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The Loving Dead
Amelia Beamer
Night Shade Books, 241 pages

The Loving Dead
Amelia Beamer
Amelia Beamer works as an editor, reviewer, and photographer for Locus: The Magazine of the Science Fiction and Fantasy Field. She has won several literary awards and has published fiction and poetry in Interfictions 2, Lady Churchill's Rosebud Wristlet, Red Cedar Review, and other venues, plus a zombie story in The Living Dead 2 (Night Shade Books, September 2010). She has a B.A. with high honors in English Literature from Michigan State University, and attended Clarion East in 2004. She lives in Oakland California.

Amelia Beamer Website
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A review by Rick Klaw

With her horrifically comic first novel The Loving Dead, Amelia Beamer taps into the cultural zeitgeist of the early 21st century. Much like the great zombie film progenitor, Night of the Living Dead, Beamer uses the undead to represent the fractured real world around her, albeit from a hyper-sexual millennialist bent.

  Sure enough Kate's friend was roped to the bed. Naked. She wore white contacts, and her skin was a fine gray. Her gaze moved among the men, and she licked her lips.

Michael was stunned. He knew Kate had a sense of humor, but this was beyond expectations. She'd turned her friend into a perfect sexy zombie. He turned to her. "You had me all worked up! You two must have been doing the makeup all this time. And I never knew you were such an actor."

"I'm not," Kate said. She wasn't grinning like she should have been. "I don't know what happened."

"My compliments," Cameron said. "She looks awesome."

"Wow, Kate," Sam said. "You know, what would be even been better is if you'd put some blood on her. Or some black goo, or something. I guess you don't want to mess up your sheets, though."

"Kate, you can cop to the joke," Michael said. "It was masterful. Smile already."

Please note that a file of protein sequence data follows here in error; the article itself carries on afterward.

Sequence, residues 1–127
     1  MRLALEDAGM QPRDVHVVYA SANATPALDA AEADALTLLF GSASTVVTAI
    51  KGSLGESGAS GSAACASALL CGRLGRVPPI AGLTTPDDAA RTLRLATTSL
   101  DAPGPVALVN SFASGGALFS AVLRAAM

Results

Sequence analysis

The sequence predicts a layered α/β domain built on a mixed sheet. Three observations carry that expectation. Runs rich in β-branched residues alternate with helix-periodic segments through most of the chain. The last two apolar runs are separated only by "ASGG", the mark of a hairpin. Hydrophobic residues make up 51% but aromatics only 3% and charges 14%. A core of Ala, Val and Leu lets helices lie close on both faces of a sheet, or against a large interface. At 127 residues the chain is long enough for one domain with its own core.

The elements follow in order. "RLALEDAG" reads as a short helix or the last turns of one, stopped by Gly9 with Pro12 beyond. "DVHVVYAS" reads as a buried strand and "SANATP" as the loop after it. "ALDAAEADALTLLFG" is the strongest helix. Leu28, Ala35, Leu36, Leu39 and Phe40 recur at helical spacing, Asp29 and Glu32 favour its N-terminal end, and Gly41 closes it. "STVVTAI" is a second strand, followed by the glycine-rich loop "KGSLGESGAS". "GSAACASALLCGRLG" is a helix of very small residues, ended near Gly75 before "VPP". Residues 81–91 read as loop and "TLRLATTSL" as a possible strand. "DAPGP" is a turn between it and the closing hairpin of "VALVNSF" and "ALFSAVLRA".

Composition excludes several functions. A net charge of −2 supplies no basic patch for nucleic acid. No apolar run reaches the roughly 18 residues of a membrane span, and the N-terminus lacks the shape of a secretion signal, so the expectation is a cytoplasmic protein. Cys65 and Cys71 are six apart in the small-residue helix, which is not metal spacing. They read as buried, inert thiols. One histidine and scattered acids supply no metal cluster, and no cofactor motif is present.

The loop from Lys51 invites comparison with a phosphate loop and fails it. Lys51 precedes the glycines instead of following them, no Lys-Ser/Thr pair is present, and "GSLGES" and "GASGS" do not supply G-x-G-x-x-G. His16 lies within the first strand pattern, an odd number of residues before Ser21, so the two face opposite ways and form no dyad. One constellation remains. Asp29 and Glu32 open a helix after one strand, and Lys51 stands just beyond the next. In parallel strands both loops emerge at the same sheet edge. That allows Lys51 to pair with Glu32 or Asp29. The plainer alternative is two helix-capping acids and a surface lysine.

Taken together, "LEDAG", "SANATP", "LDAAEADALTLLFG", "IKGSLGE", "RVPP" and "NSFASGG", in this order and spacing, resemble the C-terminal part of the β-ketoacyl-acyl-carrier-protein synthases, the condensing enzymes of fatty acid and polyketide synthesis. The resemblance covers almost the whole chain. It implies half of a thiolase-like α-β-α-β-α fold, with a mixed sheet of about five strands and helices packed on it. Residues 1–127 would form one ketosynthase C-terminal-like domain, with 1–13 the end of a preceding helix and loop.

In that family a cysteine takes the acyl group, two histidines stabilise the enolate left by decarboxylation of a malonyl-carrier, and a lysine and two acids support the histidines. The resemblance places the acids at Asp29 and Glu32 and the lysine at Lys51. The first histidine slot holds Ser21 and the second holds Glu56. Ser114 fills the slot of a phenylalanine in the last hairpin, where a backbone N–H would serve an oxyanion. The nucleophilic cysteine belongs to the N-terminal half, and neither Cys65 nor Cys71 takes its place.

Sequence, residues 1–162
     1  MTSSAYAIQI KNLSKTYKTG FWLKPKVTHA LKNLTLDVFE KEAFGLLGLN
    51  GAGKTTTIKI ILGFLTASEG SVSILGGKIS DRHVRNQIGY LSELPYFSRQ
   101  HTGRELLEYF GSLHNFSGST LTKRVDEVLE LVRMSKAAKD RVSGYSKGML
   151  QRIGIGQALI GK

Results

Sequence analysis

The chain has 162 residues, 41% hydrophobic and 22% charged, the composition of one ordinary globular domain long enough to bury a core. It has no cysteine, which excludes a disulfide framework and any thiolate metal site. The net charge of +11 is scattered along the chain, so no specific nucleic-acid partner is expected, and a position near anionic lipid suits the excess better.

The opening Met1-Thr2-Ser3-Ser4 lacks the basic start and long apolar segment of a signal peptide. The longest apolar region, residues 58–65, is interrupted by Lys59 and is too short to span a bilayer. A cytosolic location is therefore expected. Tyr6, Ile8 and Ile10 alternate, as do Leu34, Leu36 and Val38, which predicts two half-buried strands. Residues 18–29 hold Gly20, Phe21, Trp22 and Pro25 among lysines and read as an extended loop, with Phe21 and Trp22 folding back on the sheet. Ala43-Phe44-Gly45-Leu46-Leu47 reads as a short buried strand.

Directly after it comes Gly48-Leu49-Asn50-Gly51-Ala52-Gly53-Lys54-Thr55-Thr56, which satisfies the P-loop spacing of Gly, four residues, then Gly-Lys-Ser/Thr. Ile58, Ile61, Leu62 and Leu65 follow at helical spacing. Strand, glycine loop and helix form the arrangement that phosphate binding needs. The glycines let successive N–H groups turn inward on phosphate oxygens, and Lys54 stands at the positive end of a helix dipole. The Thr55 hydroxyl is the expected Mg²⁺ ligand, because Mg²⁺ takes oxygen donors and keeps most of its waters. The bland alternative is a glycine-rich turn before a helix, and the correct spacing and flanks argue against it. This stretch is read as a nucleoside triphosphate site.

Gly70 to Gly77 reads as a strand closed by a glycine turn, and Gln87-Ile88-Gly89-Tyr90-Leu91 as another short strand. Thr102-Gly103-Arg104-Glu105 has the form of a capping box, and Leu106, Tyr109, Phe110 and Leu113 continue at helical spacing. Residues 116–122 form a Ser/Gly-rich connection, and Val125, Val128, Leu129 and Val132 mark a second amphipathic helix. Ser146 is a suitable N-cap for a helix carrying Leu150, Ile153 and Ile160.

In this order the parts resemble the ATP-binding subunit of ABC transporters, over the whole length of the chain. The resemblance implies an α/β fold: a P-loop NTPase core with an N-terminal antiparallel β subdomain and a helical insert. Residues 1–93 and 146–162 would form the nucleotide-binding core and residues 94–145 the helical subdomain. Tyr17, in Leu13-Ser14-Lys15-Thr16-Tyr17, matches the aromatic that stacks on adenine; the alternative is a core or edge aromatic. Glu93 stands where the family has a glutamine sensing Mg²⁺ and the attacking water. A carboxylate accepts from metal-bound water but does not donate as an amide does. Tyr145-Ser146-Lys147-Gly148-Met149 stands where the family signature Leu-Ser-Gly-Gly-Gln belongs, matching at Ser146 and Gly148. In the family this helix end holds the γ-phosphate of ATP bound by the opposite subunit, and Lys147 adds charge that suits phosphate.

Kate blushed. "It's not a joke."

 

Twenty-something housemates and Trader Joe coworkers Kate and Michael confront the terror of watching their friends turn into horny zombies, literally. Marauding sex-crazed undead shamble throughout the Oakland hills spreading the sexually transmitted disease that produces the horror.

  The zombie raised her arms, not forward like he expected, but to the sides. Her arms writhed like snakes. The ripple moved out form her shoulders to her elbows, her wrists, and her fingers. The skin around her wrists was torn, with scabby bracelets of black blood where the rope had been. Her hips swung around, to one side and then the other. She took a step forward, and Michael stepped backwards. The zombie wore a stage smile, big and brilliant. There was no music, but she kept time, stepping forwards. Knees bent, she rocked her pelvis back and forth. The motion was sharp and practiced. Beautiful, in its own way.  

While indeed, as the back cover copy promises, a bizarre cross-pollination of Chuck Palahniuk and Christopher Moore, Beamer's work lacks the innate coolness of the former's prose and the snappy comedic timing of the latter. Its true literary strength lies in her unflinchingly realistic portrayal of the Millennials' Facebook-managed, no barriers world -- an entire life, every secret, presented in living color for all to share. Despite their differences, the youth of The Loving Dead, similar to previous privacy-oriented generations, struggle with the feelings and misunderstandings spawned by their peers and their world as they struggle for their own identities.

  Kate interrupted his thoughts. "Hey, does anyone else think that scene in Living Dead, where the white girl slaps the black guy, and he clean knocks her out and then lays her on the couch and undoes the buttons on her jacketódoes anyone else think that scene is hot?"

"Racist," Audrey said.

"Liberal," Henry said, in the same tone.

Michael was stunned. It was the sexiest thing anyone had said in a long while. Deliberately provocative. And a total non-sequitur. It took his mind off of their zombie problem for a blessed moment.

 

Peppered with several ironic moments, uncomfortable family encounters, zeppelins, and an over-abundance of sex, The Loving Dead barrels along at an entertaining clip to an ultimately disappointing conclusion that feels more tacked-on rather than planned. Still, Beamer's insightful observations about her contemporaries combine with a fascinating application of the current zombie phenomenon elevates this debut novel above the plethora of increasingly mediocre undead sub-genre offerings. Ultimately, The Loving Dead presages the talents of an intriguing new author.

Copyright © 2010 Rick Klaw

Professional reviewer, geek maven, and optimistic curmudgeon, Rick Klaw has supplied countless reviews, essays, and fiction for a variety of publications including The Austin Chronicle, The San Antonio Current, The Greenwood Encyclopedia of Science Fiction and Fantasy, Moving Pictures RevolutionSF, King Kong Is Back!, Conversations With Texas Writers, Farscape Forever, Electric Velocipede, Cross Plains Universe, and Steampunk. MonkeyBrain Books published the collection of his essays, reviews, and other things Klaw, Geek Confidential: Echoes From the 21st Century. He can often be found pontificating on Twitter and over at The Geek Curmudgeon.


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